ActivitiesEdit

In March 2000 The Stuckists were declared to be the first Remodernist art group at a show The Resignation of Sir Nicholas Serota. In April, Remodernism was quoted in The Gulf News (UAE).[2] In May The Observer newspaper announced a Stuckist show:

As the founding group of a self-named art movement called Remodernism, they stand on an art ticket that's against clever conceptualism and in favour of a more emotional and spiritual integrity in art via figurative painting."[3]

In June a talk was given on Stuckism and Remodernism by Thomson and Childish at the Salon des Arts, Kensington, promoted by the Institute of Ideas.[4] The same month the "Students for Stuckism" also gave "a Remodernist show and talk". The Institute of Remodernism was founded by Dr Khatereh Ahmadi.

In 2001, Thomson stood in stood the UK general election, stating, "The Stuckist Party aims to bring the ideas of Stuckism and Remodernism into the political arena."[5]

In January 2002, graduate students (who did not state any link with the Stuckists) from the University of New Mexico staged a show ReMo or "ReModernism". At an artists' talk, Kevin Radley, an art professor at the University of California, Berkeley said, "Remodernism isn't about going backwards, but about surging forward."[6] In an essay that accompanied the exhibition, Radley wrote:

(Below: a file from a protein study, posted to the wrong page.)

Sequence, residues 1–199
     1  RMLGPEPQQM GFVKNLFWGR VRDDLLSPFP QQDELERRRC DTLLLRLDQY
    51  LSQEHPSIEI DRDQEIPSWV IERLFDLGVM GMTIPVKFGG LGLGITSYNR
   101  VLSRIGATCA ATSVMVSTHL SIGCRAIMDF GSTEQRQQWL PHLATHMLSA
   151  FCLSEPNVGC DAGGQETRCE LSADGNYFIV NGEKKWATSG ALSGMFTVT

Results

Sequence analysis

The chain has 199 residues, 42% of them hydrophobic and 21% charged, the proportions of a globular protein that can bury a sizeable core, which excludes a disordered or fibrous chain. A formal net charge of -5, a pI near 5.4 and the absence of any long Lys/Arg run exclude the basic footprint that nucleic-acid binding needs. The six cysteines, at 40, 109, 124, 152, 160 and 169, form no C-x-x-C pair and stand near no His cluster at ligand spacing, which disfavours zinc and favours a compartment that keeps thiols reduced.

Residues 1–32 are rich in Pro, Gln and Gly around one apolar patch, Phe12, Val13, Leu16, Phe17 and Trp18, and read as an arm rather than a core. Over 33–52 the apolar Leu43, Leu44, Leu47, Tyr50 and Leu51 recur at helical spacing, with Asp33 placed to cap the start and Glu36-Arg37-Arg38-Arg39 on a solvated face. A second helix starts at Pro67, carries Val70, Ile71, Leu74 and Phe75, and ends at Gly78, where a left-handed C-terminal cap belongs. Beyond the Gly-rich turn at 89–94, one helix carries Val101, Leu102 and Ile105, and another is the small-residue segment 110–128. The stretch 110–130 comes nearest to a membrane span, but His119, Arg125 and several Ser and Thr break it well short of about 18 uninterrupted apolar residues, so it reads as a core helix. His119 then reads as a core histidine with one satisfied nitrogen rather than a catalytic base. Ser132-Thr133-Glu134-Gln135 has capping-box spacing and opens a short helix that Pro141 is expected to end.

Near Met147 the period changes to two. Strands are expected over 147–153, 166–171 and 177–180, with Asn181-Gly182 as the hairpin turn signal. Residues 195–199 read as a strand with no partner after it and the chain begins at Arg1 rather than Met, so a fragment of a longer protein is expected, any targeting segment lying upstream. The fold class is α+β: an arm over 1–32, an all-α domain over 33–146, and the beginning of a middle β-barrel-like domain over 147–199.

...there seems to be a re-emergence of confidence in the artist's singular voice—a renewal of the belief that an artist can explore their own natures without the restraints of the ironic, the cynical or the didactic. To re-contact the notions of presence, reinvent their sense of beauty and renew our need for intimacy.[7]

In 2003, an independent group Stuckism Photography was founded with a statement of endorsement for Remodernism.[8]

In 2004, American film makers/photographers Jesse Richards and Harris Smith co-founded a new group Remodernist Film and Photography with an emphasis on emotional meaning and characterised by elements of new-wave/no-wave/expressionist/transcendental film-making.

The world's first Remodernist art gallery was founded in Louisville, Kentucky, The Deatrick Gallery.

The Defastenists, a new group of creatives in Ireland, declared themselves to be Remodernist.

In August 2005 an art show Addressing the Shadow and Making Friends with Wild Dogs: Remodernism (taken from a line in the manifesto} was held at CBGBs 313 gallery in New York.